Hedge Funds Are Most Bullish in Two Years on Ruble Amid Gains

Hedge funds raised wagers that the ruble will advance to the most in two years as Russia’s currency strengthened for a fifth consecutive week amid signs crude prices are stabilizing.

Speculators increased net long positions in the ruble by 76 percent to 5,224 futures in the week ended March 3, the highest level since the week ended Feb. 26, 2013, U.S. Commodity Futures Trading Commission data published Friday show. The ruble strengthened 1.9 percent last week, taking its gains since the end of January to 15 percent, the most among more than 100 currencies tracked by Bloomberg.

The ruble has advanced as Brent crude rebounded from a six-year low to average $59 a barrel since Feb. 2. The currency remains 40 percent lower over the past 12 months, underscoring how the economy has been buffeted by oil’s decline from last year's June peak of almost $116 a barrel and sanctions imposed over Russia’s role in Ukraine.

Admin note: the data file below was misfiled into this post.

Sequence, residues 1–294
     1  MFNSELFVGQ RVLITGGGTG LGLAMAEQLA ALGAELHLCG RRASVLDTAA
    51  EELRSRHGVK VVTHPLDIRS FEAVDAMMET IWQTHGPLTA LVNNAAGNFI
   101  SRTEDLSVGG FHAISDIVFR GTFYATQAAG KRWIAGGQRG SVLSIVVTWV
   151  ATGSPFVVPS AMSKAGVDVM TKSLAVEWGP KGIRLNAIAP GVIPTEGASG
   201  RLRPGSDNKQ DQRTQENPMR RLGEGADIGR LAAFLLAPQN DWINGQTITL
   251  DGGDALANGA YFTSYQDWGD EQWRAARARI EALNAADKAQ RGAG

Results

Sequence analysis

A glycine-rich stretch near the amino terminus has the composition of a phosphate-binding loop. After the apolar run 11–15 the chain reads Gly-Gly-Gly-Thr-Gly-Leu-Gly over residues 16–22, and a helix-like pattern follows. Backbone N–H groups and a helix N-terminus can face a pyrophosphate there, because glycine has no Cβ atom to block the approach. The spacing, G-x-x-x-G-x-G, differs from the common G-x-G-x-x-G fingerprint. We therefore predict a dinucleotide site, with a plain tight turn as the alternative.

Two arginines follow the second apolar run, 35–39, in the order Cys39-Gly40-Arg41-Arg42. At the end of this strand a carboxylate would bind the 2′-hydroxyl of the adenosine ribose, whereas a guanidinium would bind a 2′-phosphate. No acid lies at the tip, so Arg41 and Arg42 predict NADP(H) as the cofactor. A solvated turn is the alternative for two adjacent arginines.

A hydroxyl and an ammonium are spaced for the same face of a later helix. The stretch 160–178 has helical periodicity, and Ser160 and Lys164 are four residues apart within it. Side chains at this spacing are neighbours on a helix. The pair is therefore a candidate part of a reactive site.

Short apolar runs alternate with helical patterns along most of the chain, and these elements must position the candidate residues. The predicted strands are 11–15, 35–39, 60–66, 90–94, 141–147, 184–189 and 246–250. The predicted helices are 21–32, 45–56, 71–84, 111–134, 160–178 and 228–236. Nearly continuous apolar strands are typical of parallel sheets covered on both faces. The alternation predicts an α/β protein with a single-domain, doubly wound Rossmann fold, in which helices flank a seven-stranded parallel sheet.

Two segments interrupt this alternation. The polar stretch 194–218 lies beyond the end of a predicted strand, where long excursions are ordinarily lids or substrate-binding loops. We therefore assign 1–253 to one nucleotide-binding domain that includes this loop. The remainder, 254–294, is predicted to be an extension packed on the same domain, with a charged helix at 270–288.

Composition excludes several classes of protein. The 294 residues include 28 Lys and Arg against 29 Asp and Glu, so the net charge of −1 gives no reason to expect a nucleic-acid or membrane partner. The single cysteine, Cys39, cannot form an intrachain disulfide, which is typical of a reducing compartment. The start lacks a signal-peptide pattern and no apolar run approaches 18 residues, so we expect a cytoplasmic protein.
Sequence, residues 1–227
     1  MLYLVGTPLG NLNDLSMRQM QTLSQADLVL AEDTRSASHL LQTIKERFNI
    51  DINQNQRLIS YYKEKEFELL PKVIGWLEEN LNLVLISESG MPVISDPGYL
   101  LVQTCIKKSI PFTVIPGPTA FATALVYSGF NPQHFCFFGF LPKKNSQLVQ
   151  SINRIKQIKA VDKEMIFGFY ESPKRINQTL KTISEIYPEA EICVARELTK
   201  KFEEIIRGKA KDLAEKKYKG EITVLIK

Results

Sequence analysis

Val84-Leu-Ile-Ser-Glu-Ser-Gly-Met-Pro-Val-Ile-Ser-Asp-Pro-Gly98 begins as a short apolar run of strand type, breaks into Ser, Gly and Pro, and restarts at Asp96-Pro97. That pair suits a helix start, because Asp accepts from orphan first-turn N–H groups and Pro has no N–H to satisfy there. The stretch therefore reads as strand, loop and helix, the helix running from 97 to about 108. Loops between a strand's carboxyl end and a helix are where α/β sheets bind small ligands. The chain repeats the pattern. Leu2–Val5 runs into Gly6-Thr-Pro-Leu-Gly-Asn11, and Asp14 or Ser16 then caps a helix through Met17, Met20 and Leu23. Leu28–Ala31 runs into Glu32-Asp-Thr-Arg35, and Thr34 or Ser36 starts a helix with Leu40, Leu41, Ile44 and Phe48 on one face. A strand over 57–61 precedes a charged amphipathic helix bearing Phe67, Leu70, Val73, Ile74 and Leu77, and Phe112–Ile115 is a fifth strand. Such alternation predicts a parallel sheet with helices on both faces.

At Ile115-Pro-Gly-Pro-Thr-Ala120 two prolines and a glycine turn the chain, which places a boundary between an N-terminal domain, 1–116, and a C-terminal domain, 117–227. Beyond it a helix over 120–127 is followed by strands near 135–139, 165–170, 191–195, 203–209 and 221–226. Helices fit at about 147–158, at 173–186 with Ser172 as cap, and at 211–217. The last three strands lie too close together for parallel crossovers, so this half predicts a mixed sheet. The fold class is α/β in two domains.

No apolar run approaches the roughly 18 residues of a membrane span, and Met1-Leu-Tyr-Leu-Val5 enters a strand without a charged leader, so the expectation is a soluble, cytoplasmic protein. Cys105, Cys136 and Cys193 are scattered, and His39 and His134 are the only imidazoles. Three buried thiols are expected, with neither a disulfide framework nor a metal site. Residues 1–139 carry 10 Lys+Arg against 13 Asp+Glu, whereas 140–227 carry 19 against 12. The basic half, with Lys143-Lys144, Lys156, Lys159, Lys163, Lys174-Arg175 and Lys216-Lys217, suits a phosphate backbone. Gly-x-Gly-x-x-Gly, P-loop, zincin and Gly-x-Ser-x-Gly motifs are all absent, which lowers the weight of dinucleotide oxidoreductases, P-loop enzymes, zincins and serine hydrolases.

Foreign-currency reserves of about $360 billion are sufficient to contain the crisis, while the widening current-account surplus and a more realistic budget are also supportive of Russia’s investment grade, Paul Rawkins, a senior director at Fitch Ratings, said in a telephone interview published today.

Fitch, the only major credit assessor that still rates Russia’s foreign-currency debt as investment grade, may review the nation's BBB- rating next month, he said. Standard & Poor’s cut Russia to junk on Jan. 26, while Moody’s Investors Service followed suit on Feb. 20.

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